The Courier News from Blytheville, Arkansas on May 7, 1940 · Page 1
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The Courier News from Blytheville, Arkansas · Page 1

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Blytheville, Arkansas
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Tuesday, May 7, 1940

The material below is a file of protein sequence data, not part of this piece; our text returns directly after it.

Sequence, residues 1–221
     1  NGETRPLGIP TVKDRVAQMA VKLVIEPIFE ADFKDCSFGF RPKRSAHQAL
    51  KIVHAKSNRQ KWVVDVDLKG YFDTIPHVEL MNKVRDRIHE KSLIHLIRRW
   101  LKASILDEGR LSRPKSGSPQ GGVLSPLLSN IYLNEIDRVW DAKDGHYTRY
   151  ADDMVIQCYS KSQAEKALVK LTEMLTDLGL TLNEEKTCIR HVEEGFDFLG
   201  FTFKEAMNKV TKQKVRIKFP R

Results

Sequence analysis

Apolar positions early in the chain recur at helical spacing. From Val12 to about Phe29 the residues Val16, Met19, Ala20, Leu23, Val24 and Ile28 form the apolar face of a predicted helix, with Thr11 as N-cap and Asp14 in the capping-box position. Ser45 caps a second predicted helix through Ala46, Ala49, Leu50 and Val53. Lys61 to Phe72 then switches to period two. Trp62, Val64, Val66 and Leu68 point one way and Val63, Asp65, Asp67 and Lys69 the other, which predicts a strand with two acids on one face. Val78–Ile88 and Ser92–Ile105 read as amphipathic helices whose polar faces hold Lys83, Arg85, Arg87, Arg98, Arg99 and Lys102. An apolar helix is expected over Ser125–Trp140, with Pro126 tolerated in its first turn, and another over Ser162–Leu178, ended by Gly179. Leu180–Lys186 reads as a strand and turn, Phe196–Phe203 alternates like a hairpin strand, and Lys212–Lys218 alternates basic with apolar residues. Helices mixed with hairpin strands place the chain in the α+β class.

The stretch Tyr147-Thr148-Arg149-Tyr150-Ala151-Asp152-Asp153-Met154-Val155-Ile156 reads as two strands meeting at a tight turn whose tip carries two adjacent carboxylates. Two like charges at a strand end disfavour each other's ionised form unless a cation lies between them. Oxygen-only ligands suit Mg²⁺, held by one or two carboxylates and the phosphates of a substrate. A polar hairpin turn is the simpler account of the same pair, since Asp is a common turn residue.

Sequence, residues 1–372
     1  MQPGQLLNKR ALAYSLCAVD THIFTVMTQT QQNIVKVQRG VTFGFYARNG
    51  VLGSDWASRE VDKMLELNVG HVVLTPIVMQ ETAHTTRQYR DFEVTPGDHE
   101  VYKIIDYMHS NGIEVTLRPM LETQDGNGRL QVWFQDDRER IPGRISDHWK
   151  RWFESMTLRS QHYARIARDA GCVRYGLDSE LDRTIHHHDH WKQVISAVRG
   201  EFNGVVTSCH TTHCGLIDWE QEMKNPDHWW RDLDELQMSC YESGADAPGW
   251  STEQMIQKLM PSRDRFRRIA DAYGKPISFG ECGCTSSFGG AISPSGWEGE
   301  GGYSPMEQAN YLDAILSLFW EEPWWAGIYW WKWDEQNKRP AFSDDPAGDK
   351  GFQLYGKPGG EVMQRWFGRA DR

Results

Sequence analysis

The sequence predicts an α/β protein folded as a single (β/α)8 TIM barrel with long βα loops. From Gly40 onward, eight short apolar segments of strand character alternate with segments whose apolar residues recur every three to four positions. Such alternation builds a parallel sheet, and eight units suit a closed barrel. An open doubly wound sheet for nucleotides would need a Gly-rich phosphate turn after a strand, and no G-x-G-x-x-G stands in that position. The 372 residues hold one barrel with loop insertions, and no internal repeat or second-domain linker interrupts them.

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Buy a Button Re a Sponsor BLYTHEVILLE COURIER NEWS TUB DOMINANT NEWSPAPER (IP MONTI IKART «n,-.x,r.,,, .„,, — r**-r VOI.L'MIO XXXV11—NO. <i:i. lilythcvillc Dully News Hlytheville Courier JTinn>OMlNANT NEWSL>APEK OF NOKT11KAST AHKANSAS AND SOimiEAST M1SBUWU m,YTHKVlU-R, AUKANSAS, TUIOHDAV, MAY 7, |(),|0 lie a Sponsor Rity a Ru( ton Mississippi Viillcy tender Ulylliovllic Ill-mill House Group Votes To Revive Hatch Clean Politics Bill WASHINGTON, Alay 7. (UP)—The house judiciary c ral (lie Hatch cieau politics bill volinjj!^ccrelary Says [| Will Be eommklec today revived I'l to II In reconsider the action holed la.st week-. Chairman Hallon Sum no is*—- niem., Miss.), said Hie committee's i J'crersiil pin the bill tack before' llie group lor further consldcia- lion. "Tlio chairman did not vole," Humners said, "lie will do Hint, this afternoon." Tills referred to tlic fad thai Simmers plans to make an hour's speech in (he house on ihe wi) lale today. Contrary to the secrecy sur- roiuuilng (hi! original JO to M vale to table last Tuesday -the committee released a list today of those who voted for anil against reviving the bill. 'Ilie motion to reconsider was made by Representative Abe Murdock (Dem., Utah). Favorable action by the judiciary committee presumably supersedes the efforts of advocates of the bill led by flepresenlalive John J. nempsey iDem., N. M.) to get it to a vote by discharging the judiciary committee—a drive that had put 115 names on the discharge petition by adjournment yesterday. A majority of the house, 218, was necessary. Dempscy said Hint if the committee had failed to report the bill he expected a flurry of additional signatures, lie regarded the accumulation of 115 names in two legislative days as indicative of unusual progress. Stunners said the next committee meeting would be on Thursday but lie diet not know whether there would be further consideration • of the Hatch bill. No amendments have been considered, lie said. l>y which it wits pigeon- Hold Funeral Today For William Byrd Jr. CARUTHERSVILLE, Mo., May 7 —Funeral services for William Dyer Byrd, Jr., 30, will be held here today at three o'clock nl the Methodist, church, the Rev. D. K. Foster, Baptist pastor, officiating. Tulerme'nf -. will be in Little Prairie cemetery. The deceased, the son of former Mayor and Mrs. W. D. Byrd Sr., was found dead yesterday afternoon about 3:30 by his mother in his room where he had gone to ,. take a nap. Heart failure was at- \ribuled as the cause of his death. He was born in this city November 21. 1909, attended the Caruthersville high school and junior college, and Central College at- Fayette. Mo. Just last week end he had completed taking census in tiie district south of town, and was to have reported today for a position at Sikcston. At one time lie hurt been associated with the government river revetment fleet, stationed here and also in Arkan- Veternns Hospital, Mot Springs Ark., when he served a period in the U. S. Army. He was n member of the Methodist church. Surviving besides Die parents are Mrs. Alice Byrd, grandmother. .... ... ..„ = ... .... and numerous other relatives of age of speed, rushed toward Camp here and In Tennessee. ~ ...... Physician^ 88, Will Not PITTSBURGH (UP)—Dr. Michael J. Buck, of Wilkinsburg, Pa., celebrated his 88th birthday by visiting four patients and spending six hours in his office. ci v e o D s Declare Germans H Lost 300,000 Since April 1 LONDON, May 7. (UP)-C!er- many has lost 300.0GO Ions ol merchant .shipping since April, probably including ihc giant "strength through joy" motorship. Robert. Ley. 27,288 tons, the admiralty said today. Almost all of Ihe SOO.OOO tons, ii was asserted, had been sunk during Norwegian operalions, including transports and supply ships. The report of llie sinking of the Robert Ley, (lie ship n-hicii in peace lime the Nazis use as a vacation cruiser for star workers, nt- tribuled to Kaltcrdnm reports which British naval quarters credited. It was reported that the Hobcrl Ley was sunk in the Skagcrrak on the night of April 12-13 and lhal the Sayn, 2,321 Ions and an unidentified ship were sunk the same night. "German mercantile tonnage definitely accounted for as cap- lured, sunk or .scuttled now amounts Defense Backbone For Many Years WASHINGTON, May 1. (Ul>>- Sccrctary ol Ihe Navy Charles Edison told the seiiute naval iiffuirs commUlee loday (hat battleships "were, are and will be Icr -jinny years lo come die backbone ol our national defense." Edison, summoned to elaborate lii.s recent declaration that developments In the European war show thai warplancs have a "temporary advantage" over battleships, vigorously re-affirmed the navy's faith in the battleship as the most powerful instrument of sea warfare. The secrelnry told the committee that he had heard "on reliable authorily tluil German airplanes have not sunk any lirilish battleship." Edison said lie would ask Ihis session for funds to begin building the navy to ihe top strength au- (horlzcd by congress. The proposed construction would Increase the navy by about one-third to a total of nearly 1.500.000 tons. Last week the Germans nn- nounced thai they had bombed nnd sunk a British warship of ll:e Warspile class, a :I5.000 Ion vessel. American naval vessels, lie said, are -the best we ki:ow how lo build." They constantly are being improved and Integrated with a modern speedy air arm which is as efficient as modern science can produce, Edison added. The committee Is considering the house approved Vinson bill lo authorize an 11 percent naval expansion that would cost 5655,000.000. SINGLE COPIES FIVE CENTS German Naval Vessel Uses Aerial "Eves" Chamberlain's Grip Uncertain After Talk; Italy Is Questioned ilvnge Corps, die ship lias large crane for aiding disabled vessels. ' Federal Official 'To Visit County! T(l ^1IKHTI fBfl c, M 7 iK ' io ^~ Mii > 7 »»•>-! U JL 111 1 rH!i Cllulclc H Wl ^md, W».shim:lon IU UUIUll! LLMU.midcrsecrelnry of agriculUirc, vls- (0454,000 tons," the ijdmlraHy said.' Hearings were concluded two weeks •" - ~'',o but were reopened by Chjlrman 'In addition a further 30 approximately 150,000 been sunk by allied mines or aircraft." it is estimated Hint unidentified ships of tons have submarines, Theoretical Plans Made To Repel Flights Of Bombing Planes CAMP BEAUREGARD, I>a., May 7. (UP)—The dee]) South theoretically prepared loday for droves of giant bombers attacking military objectives and troops advancing toward this camp for the nation's largest war maneuvers. An aircraft warning system, maimed by more than 9.000 American Legion members and volunteers in l.COO lisleiiing; posts, went Bir Law Violators Scored By Judge JONESBORO. Ark.. May 7.— Judge Thomas C. Trimble in Federal Court Monday afternoon declared Ihat violators ol migratory „,„,,., ,„ t bird laws would find him morel convention. and was once assigned to the Into operation loday in Louisiana. Mississippi, Arkansas. Alabama and Florida. Over the south's highways, the nation's best trained soldiers, equipped with nalla necessary all the parapher- for fighting in this ished towa Beaiiregard in fast lories. Lieut.-Gen. Stanley D. Embick. commanding general of the Third Army, lust night assumed com! "i CC V \1T 1 ! mil "d Q f " 1C maneuvers—more than Ult 08-1 ear WorK 10.000 soldiers from 33 states. Tiie 29th and 31th infantry rcgi- mcnls2,500 officers' and men—nr- livcd here yesterday from Fort licnning, Ga., and the 21st engineers from Bcnning pulled in last night «-i(li light pontoon equip- com- Since the age of 8, when he (mint. 'Hie engineers were six stitches to close inanded by Lieut.-Col. Donald A Davidson. The maneuvers, staged lo see ii the army is as good In practice a; it is in theory, and to test new clumsily sewed «... . a wound in his brother's head, nr. Buck's paramount interest has been medical work. Today, spry and business-like, he can look on an evenlful nietlical career that spans G8 years. A graduate of four medical colleges — Jefferson Medical School and Hahneinanii College, bolh of Philadelphia, Johns Hopkins of Baltimore, and the University of Vienna. Austria—Dr. Buck lias practiced on two continents. In 1873, he served a period as army surgeon for the Russians in the wars with Turkey and Bulgaria. During liis European travels, he met -such world-famed personages as Gladstone, Bismarck, and Pope Pius IX. When only 12, he spent n week in llie While House with President Lincoln as a guest of the governor of Pennsylvania. The veteran physician recalled the time when he rode horseback lor 40 miles with the temperature at 20 degrees below zero to help equipment, will be held along the Texas-Louisiana line as large as Belgium. in an area I)i 1007, Sequin, hours of fog. Me., had 373-! David I. Walsh lo secure a detailed statement from Edison on lessons learned by the navy during recent fleet maneuvers in Ihe Pacific and is result of Ihc European war. Earlier Admiral Harold !i. Stark, :hief of naval operations, advised Senator Allen J. Ellender (Dem., La.) Hint the navy will seek funds from congress at Ihis session lo begin construction of more limn 250.000 Ions of authorized lonnagc. severe in (he future. His remarks Former Baseball Shir Leading Opponent For Congressional Nomination BALTIMOnE. Md.. May 7 (UP) —Waller Johnson, who won lame as innjor league baseball's "big train," held a slight lead early today In his fust big league political contest. Johnson, who retired to his farm In Montgomery county four years ago after 28 years In baseball, was a candidate In yesterday's Maryland primary for the Republican nomination to congress from the sixth district, Returns from the custom part, of llie state had given Johnson n commanding early lead, but that wr-.s cut down slim-ply as the couiu ,camc in from western countries. ' Returns from '210 of Uic 208 elee- , lion precincts in llie district gave! | Johnson {i.084; A. Charles Stewart, the nearest of his three opponents 5.:i8C. District Attorney Thomas E. Rcwey of New York, llie only candidate in either parly to file In tho presidential preference primary- gathered in Maryland's 10 dele- gales to llie Republican national Voters chose between were made as he sentenced u man charged with killing wild ducks out of season and selling them in violation of Federal statutes. Several defendants faced him to enter pleas. Mosl pleaded guilty and were given light fines as follows: Woodrow llulton. $25; Early Jolly. 524; Edward Reynolds. $25: Louis Bartholomew, case dismissed when it was leamed he served six weeks in jail on the charge: George delegates pledged lo Dewcy and an unpledged delegation. The bnllol- ing wns )no)-e limn 1 la I in Dewey's favor. Will) Ihe vole complete for about, (| two-third:; of the stale's 1288 elec- .! lion precinct.s, U. S. Senator George L. RadcliiTo was assured of the Democratic nomination for.llie second lime. He won by almost 'J lo 1 over Democratic National Com- mitlceman Howard Bruce, banker, Hardin. S100; W. A. Kirkpatrick.j industrialist and sportsman, case dismissed u'hen it was learned j that lie was in jail 21 days on the charge; R. L. Martin. Prank Canady and Charles Hardin. pleaded guilty to game law violation charges. huge river has been discovered olf Ihe coasl of California. It flows about a half mile under Ihe surface of Ihe Pacific. Sncntiflc Police Win I'oint 1JEHKKLKY. Cal. lUI't—This city's nationally famous "Scientillc Police Department." has made one concession. Officers, for Ihe lirsl lime since Uic department went Kcientifie. will be allowed to piilrol their beats without coals dunni: (lie heat of summer. iling projects of the PSA In Arkansas, Ixnilslnim mid Mississippi, will arrive In LKtle Hock Thursday. W. K. Williams. Washington, federal extension foresler for Ihe ngi|_ culture department, tame here lo- day to spend a week Inspeclim; the state's forestry program, lie will independent, Mississippi and FIBE ON G-l KOJilK, Jluy 7. (UP)—Diplonmlii: circle'^ regarded us .'iiil.licii'idtlive re ported lodjiy Iliat Crenl Hriliiin had asked ll.'ily lo delino iln oxncl pu- silion iT-ffimliiiK llio wnr nnd had expressed linn hope lhal ii reply would he uwde by Ality l(i. Inforumm.s usserled (hat -Sir Noel Clmilcs, lirilisli charge d'affaires, had imule Ihe rfipicsl lo Count UnleiiBH) Cliino, forelun mlnlstrr, May 1. and ml(;hl have been in umniTllon wllh Ihe dl.spali-li of allied nnviil reinforcements lo llie Mediterranean. ! Thr ni'ivspnpcr Me.sttigyero quolcd In a dispatch from Sofia, u.s Hilly expressed Increasing Inleu'.st In llie pusslbJItty of extension of the war lo southeosl Kuropp, rumors (hat Cii'i'iu llrllaln had promised Uul- Biirln restitution of the Uobrndja area mill mi oullet In the sea (presumably the Mediterranean) u s lm abandoned her neutrality In favor of Ihe allies. MiusMiliUero's illspnlch udded that It appeared unlikely lliilenrln would alter her altitude "slnco.it would be Hunliist her national Interest, and British promises were not trusted." Says They've A cl o p I e cl Tactics Used Under Hitler, Stalin and Mussolini WASHINGTON, May 7 <UI>> — Senator George W. Morris (1ml., Neb.) renewed his allack on the federal bureau of Investigation today with a charge Unit Cl.-inen have adopted lactlcs used "under Hitler, Slalln and Mussolini." Norrls charged thai F.ai, agents had applied third dcurec methods Minis m>)H 1,1 N, May 1. (Ul')-Clermau New Committees May Be \ish Button Formed To Sale newspapers churned today lhaf lirilisli Prime Minister Neville Chamberlain had told French Premier 1'iiul Ilcynaud by telephone to have the allied. Far Eastern army, under I'Yench Clou. Alnxtmc Wcygnml, reudy for Us "ordered action" on May 20. The entire iircs.i, obviously on orders from tho government, gave sensational treatment lo an account of a purported telephone conversa- "hnmlciilfed, chniiieT'sIrVpLTmiii "°," ^ h \ 1 '^ cl "»>»>flalii ami Rey- semched nnd frightened half ^ | lmll(l 'f l ' l ' L '«l«y "Ignl. There W'as death" men who were "not olfen- ! "° fl' 1 " 11 " 11 "' 1 of I'™ "ie Clermans could have learned about such a conversation. The newspaper verlson was that Hit.' conversation-had begun at 10:10 An Important meeting ol representative niylhcvllle business men was scheduled to be called Ibis afternoon by James Terry, Chamber of Commerce president, ,1. Mdl Brooks, .secrelnry, nnd Hosco Crnl- ton, National Cotton Picking Association president, (o draft committees and frame a new organr/alion to continue Ihc sale of "Sponsoi Buttons" for the National Cotton Picking Contest, it was reported Ihis morning. Sales of billions, in nil effort lo gain 5000 sponsors for Ihc contest, have not been satisfactory so far! it was rojiorifil, and an attempt will be made lo formulaic a new sales plan by which lo get Ihe necessary sponsors. During a discussion of Ihe button sale, Mr. Terry said: "We have spent most of our time and effort so far In getting advance publicity on the contest, so ns to build ii|) H niilion-wlde Interest in it and get conlcsliinls lo eiiler, as well as agricultural manufacturers to participate with llielr products. "We have been complimented highly on Ihc amount and quality of the publicity we've received so far by such experts us National Broadcasting Company and sive criminals" bill who had sought only (o enlist soldiers for (he Spanish loyalists. He said jusllce denarlnicut agents had "Ignored, the admltlcd facts" In absolving G-men of I .. .• .charges that they violated the civil "rights of 12 persons arrested'ill Detroit and Milwaukee us sus^'i ed Communists. Attorney Gene),,, Robert,H, Jackson announced Saturday ni e ia tlinl ,,„ Invcsllgallon had convinced him Hint the Dc- Iroll and Milwaukee agents had "acted wllh llielr Instructions and . exercised their discretion In rood ,. I faith." Norrls, displaying some of llie i flic (hut made him famous as one I of the scnalc's outstanding liberals. 1 denounced Jackson's report ami said he was "very much dlsappolnt- Orcuiiwlch menu lime ((1:10 pin EOT), April ;iO. "The French prime minister first "'" >i9i l uo ii rinane^ii ed" but he clung lo his fallh In Jackson's ability ami .snhl be hud not altered liln oplnbn that Jackson was well qualified for Ihe presidency. il 111'- tvtj 'WW-.I 1 .!' wni°i i nanrui 'feel- 1 flVosilo'is.'- according | 0 ZwocYf'uhr .„..„, i Bltt, Iho first afleruoon newspaper "' published here. "He (IlcynaudI then declared that Gen, Wcygund had promised him to finally be ready .for the 'ordered ncllon 1 by Mny 15. However, lie wild. ChnmbcrJnln (WKlil not to take this dtile too llleraily; It might be a little Inter. "Chamberlain, obvlomly lingered, remarked that he had got Ihe Impression that they were taking more time I him wns necessary down there. "tteyimud then pointed out (<> him the many. dllficulllfs which would have lo be overcome, especially In connection with Turkey. "In Oils connccllon he used the phrase 'dally Increasing demands.' C. J . r» , Phrase 'dally Increasing demands.' >OtUdentS Demonstrate JClnimbcrlain Ihen promised to talk For Harvpv H H-ilnv I" 8 "'" '" " )c Turks ' 1K " VCTC1 ' |1C ror Itarvey tl. Haley | could not guarantee anything •„„- |.ON DON, May 7. (UP 'rimc jMiiiiHlcr Neville Cham Iji'i'liiiu today named nygres sivft Winston CliuTcliiH lo su rvisc Grout Britain's arm wl forces in the war against niiiiny and called upon ai iBry heckling House o ('onimoiiK to close; ranks ftm "'set, our Icclh" in the' face of imminent, danger Ilia Adolf Ifitlw will strik-n. warning of an Imminent, German throat cnmo after Ihc uti- ruly opposition had shoulcd: "re-, «I(!ii! lesijjnl" nnd Interrupted so frequently that nt one lime Chamberlain was forced lo sit down until (lie speaker restored order. "'<\. Ills appeal for "cooperation'.of members of all parlies" In a unified elforl lo mobilize "every ounce" of strength for the war wns regarded as an Invitation' lo tho opposition' leaders to enlcr u reorganized government. There was wide doubt that It would be successful ho'ty- ever as the labor leaders have refused such suagesllons. ••'•• Clininberlnln wns 111 nt ca.se throughout his address. ' ;! The Ilrst reaction of observers was that Chamberlain's plea was not carrying the house wllh him, but It was believed lo be too early to judge the full cflccls of his address especially In view of the fact that Churchill Is expected to make a statement tomorrow. Churchl.ll's appointment will permit him lo continue ns first lord of the admiralty Chamberlain said, adding that if Die new task wns too great Churchill later would be relieved of (he double duty. Shouts of "rcslgnl" and cries or 'K'lio missed (hi- bus?" Interrupted Chamberlain as he sought to ex- lilaln how Na/l aggression and superior air power had caused the" failure of the Allied expeditionary campaign In central Norway, That campaign, he 'contended, still Is unfinished, Ihc Norwegian government nnd King Hnnkon still arc In Norway and the Allied powers will give the Norwegians air the aid .li.os.sjyB os rapidly ns iwsstble. •\iiit <li?-Uald' Uic flJrttlsli .'people appnrenliy'fnirio realize tlic'ilnn- licr of another German blow, possibly directed against the. British Isles and ihe Allied leaders wjll hot relax ihclr precautions In other purls of Europe. Ills announcement regarding Ohm chill nnd his explanation failed to .satisfy the opposition and he immediately was nsstillcd by opposition leaders for complacency In llie face of "a reverse" in Norway. Cliurclilll also was frltlci/ed as"too optimistic." .. • Clement U, Alllcc, labor lender, opened the counter attack on Chamberlain's explanation, charging the government with having made misleading speeches and .said Cliambcrbln's speech was one of excuse and explanation. School Principal Kills Four, Critically Wounds Se Stock Prices A. T. & Am. Tobacco Anaconda Copper Belli. Steel Chrysler Cities Service ... 90 1-8 By .MAIKS K. WICKIXEIt United Press Stan COTrcsiiomlp.nl PASADENA. Calif., May 1. (UP) —Students at South Pasadena Junior high school got a holiday today while jwlice investigated an arsenal in Ihe cafeteria where Verlin Spencer, 37 year old principal, nearly succeeded in killing himself after slaying four colleagues.' Officials would nol discuss Ihe nrms lliey found in the cafeteria where Silencer would not allow lurch to be served yesterday. Coca Cola Gen']. Elect 30 3-3 29 l-ii was an expert nistol shot with half IK IR! !I tlozcn ninrksinanshlp medals and 'an extensive collection of guns. It was understood that guns and j Gen'l. Motors Int. Harvester a woman in childbirth. Livestock EAST ST. LOUIS, 111.. May 1. (UP)—Hogs: 13.500-13,000 on sale. Top, 5.70-5.15 Cattle: 3,000 Steers, 8.65-9.15 Slaughter sleers, 7.50-11.75 Slaughter heifers, V.25-10.50 Beef cows, 6.00-6.75 54 3-3 56 I-'. Mont. Ward 48 3-4 N. Y, Central 15 1-2 North Am. Aviation 225-8 Pacard 31-4 Phillips 30 3-4 Radio 65-8 Republic Steel 201-2 Socony Vac 10 7-8 Sludebaker 10 Std. of N. J 42 3-3 Texas Corp 46 U. S. Steel 60 1-2 Chicago Wheat Open High Low 105 5-8 1065-8 105 Close I50 rour<ls of shells had been stored in the cafeteria as it for a scigc. Jim Crow, a student whom Saucer took home frequently, said he had seen .1 number of bullet pterccd boxes In his automobile. Spencer attended a meeting of administrators of South Pasadena Junior and Senior high schools late yesterday. When he left, George C. Bush. 53, city superintendent ot schools; John E .Alman, 50, principal ol the high school, and William Specr, 43, business manager of city schools, were lying on the floor, shot to death with Spencer's long barreled .22 target pistol. Dorothea Talbert. 30, Bush': secretary was wounded. Before or after attending tho _... , „.,,— l>ltlj lu,,^.;, iuo3-5 (us 1051-2 meeting—police had nol ascevlalncd Cutters and low cullers. 4.00-5.75 July 1041-1 |04l-8 1031-2 103 5-8 the sequence-he killed V. V. Vnn- dcrllp. 45. printing Instructor at his school, and grnvcly wounded R'llh Darnell Sturgeon, 45. nn art instructor. Then in the ctifelcria he shot Himself. Mrs. SIKIICCI was grief stricken, but she Iried to explain her husband's sudden, maniacal fury. "Vcrliu was a very sensitive and intelligent man." she said,."and his intelligence must have driven him too far. Overwork must have turned him into a maniac, because orly a maniac could do such a thing." Officials believed that he had an obsession that ho xvas persecuted. Several friends said thai he had spoken frequently lo them of "pcr- seculion" by his colleague. 1 ; nnd lhal he had said Miss Sturgeon and Vondcrlip "refused to co-opcralc." He was regarded as n .severe taskmaster. La.st October, he was given a months leave of absence to recover from a nervous breakdown. George A Hooper, president of the school board, denied that Spencer's dismissal or demotion ever had been discussed. Spencer shot himself through the heart and physicians feared that he would not live. If he dies, there will be no living witness to what look place at Ihe meeting. Bush, Alman and Specr, the others who attended, were Instantly killed. various newsrcel services, but in order lo maintain this publicity •ind get f u n benefit from U we have lo have supporl from the people of Ihis county. The campaign lo sell 'Sponsor Buttons' was put on lo Set the ncct'ssnry funds to finance this publicity. As long as Ihe buttons arc not being bought, Ihc pub HOT SPRINGS. May 1. — Hot. Springs High School sliitlents par- mled down Central avenue and back uKiilu Monday afternoon ns a demonstration of loyalty (o Hnrvcy H. Haley, .superintendent, ol schools, .]„.,... ,,„,' whose retention or dismissal prob- »l)ly will lie decided by the School ( I 1C J Hoard Wednesday night. less they cease their cverlnstln, queer habits and selfishness down there.' "Hcynaud nssured htm thai he would do his ulmosl lo slrnighlen out the psychological difficulties Many of llie marchers bore pla- :ards demanding the retention of Superintendent Haley. lag, the liclty and advertising lias to and wllh It lags Interest In contest. "Blytheville's ability to stage a National Collon Picking Contest successfully has been challenged by larger neighboring communities, and because of this we cannot afford to let it be anything hut a success; however, lo be successful It requires the support and cooperation of every person in this seclion," Mr. Terry said. ..... Typical of Ihc placards were: "We Want Haley." "Keep (lie .Schools Out of premier. In rather imiK-nxtlve tones Politics," "Don't Let Personalities ' Enter Into Our Schools," nnd "Uc Pair to Us." Throughout the march the students kept up n continual chant of "We Want Haley." Occasionally' Spencer another room. Bush's secretary In Two Hurt Slightly In Traffic Accident Dr. p. u. Elliott and Joe Espinosa figured in a traffic accident this morning at the comer of Main and Seventh streets which resulted In both being arrested on charges of reckless driving. State police, who Investigated, said that Dr. Elliott was driving East on Main street nnd Mr. Es- plnosa wns driving South on Seventh street when the Iwo cars collided nt Die Intersection at 9:45 o'clock. The physician received a slight cut, on his hand, the oilier driver received 8 bruised sholder and both machines were damaged lo .some cxlent. Both will be given hearings Wednesday morning In munlcipa court. (Tlic expression used for "psychological difficulties" was Ihe French "difflculles inenlales.'" according to Zwoelf Uhr lilatl. Iniricnlfiijj lhal llie conversation was In French.) "Chamberlain Ihen asked the they slopped lo cheer for Ihc sup-1 cm c c again to reporl lo him at the latest May 20 the final cnmplclion of nil preparations. "Then, after some cordial formalities. Ihc lalk was finished nl 10:25 o'clock after Chamberlain erlntendcnl. In the line were members of (he high school band, allhouijh llow- sc- they were not in uniform. lections from time lo lime. Petitions demanding retention oil Mr. Ilnlcy have been signed by | hundreds of taxpayers and students. The petitions demand thnl| the School Board make a public' .stntcnicnt giving reasons for the ; opposition of any of the members who may wish lo replace Mr. Haley. requested Rcynuud to take care that Hits lime there were t:o indiscretions on the French side." Zwoelf Uhr Blnll published llie dispatch under the headline: may concern .-Deadline May 4o." New York Cotton Prex'. During 1M9. were registered States. This was an all-time high ; 4.320.82!) In the (rucks United May July Oct. Dec. Jn". Mar. Open High 1/ow close Close 1056 1029 884 986 360 952 105U 1029 984 !)71 OGI 952 1049 1021 975 9GG 960 950 1054 1025 983 963 961 951 1058 1030 980 970 964 956 Mrs. Allie Mae Banks Dies At Harrisburg Mrs, Allic Mac Banks, long a, resident ol Ulylhcvlllc, died yesterday afternoon at the home of her father, .1, u. Muse, in Har- rlsbm-B. Ark,, where she wai lakcn two weeks ago when she became critically ill. She was 43. '""' Stricken 111 of Influcnzn during llie past winter, pneumonia de- . veloped nn.-l later tuberculosis set, In to mnke Mrs. Banks' condition very serious within the past several weeks. Funeral services were (o be held tins nflcrn«en at Cobb Funeral Home by llie Rev. F. M. Sweet, paslor of Lake St;cet Methodist Church, with L'urlal in Maple Grove cemetery. A number of relatives from llarrisburg accompanied the remains here. Mi's. Banks, who was born in Henderson, Tenn., was the widow of James M. Banks, disabled World War veteran, who died three j'ears ago. She Is survived by her father, J. C. Muse; two daughters, Mrs. Lelita Hurst and Miss Freda Mao Banks, both of Blytheville; two brothers. Grady Muse of Dexter. Mo., nnd Leonard Muse ol Harrisburg, and five sisters. Mrs. Mary Chism of Blytheville, Mrs. Orval Shopper. Miss Alma. Miss Georgia Lee and Miss Imogcno Muse of Harrisburg. for (he nation ]l\ ! ew Orleans Cotton Special truck (axes during 1939 totaled 5430.000,000. exclusive ol general tnses. such ns Income, properly nnd retail sales levies. WEATHER Arkansas—Considerable cloudiness tonight nnd Wednesday, scattered showers In northwest portion. Memphis and vicinity—Fair to- nlght, lowr-st lemperalurc about 64. Wednesday partly cloudy, continued warm. May July Oct. Dec. Jan. Mar. Prev. Open High Ix)w Close Close 1008 1008 1060 1065 1078 1010 987 972 970 958 1040 990 975 970 958 1032- 1033 982 986 968 973 965 967 951 955 1040 992 977 974 961 May July Chicago Corn High Open . 643-4 . 651-2 Low Close 651-2 643-4 65 66 653-4 651-2 Feudin' Families Lose Last Youth to Army MORLEY. Tenn. (UP)—Morley families have quit their feudln', but they can't get the martial spirit out of the younger generation. The Campbell county hill- town has just lost Its last eligible youlli to the army. Morley's population Is only 150 on market days, but 23 boys are In the army. A recruiting sergeant came to town the other day 16 hunt for more and fourid only one eligible man—a youth'just turned 18.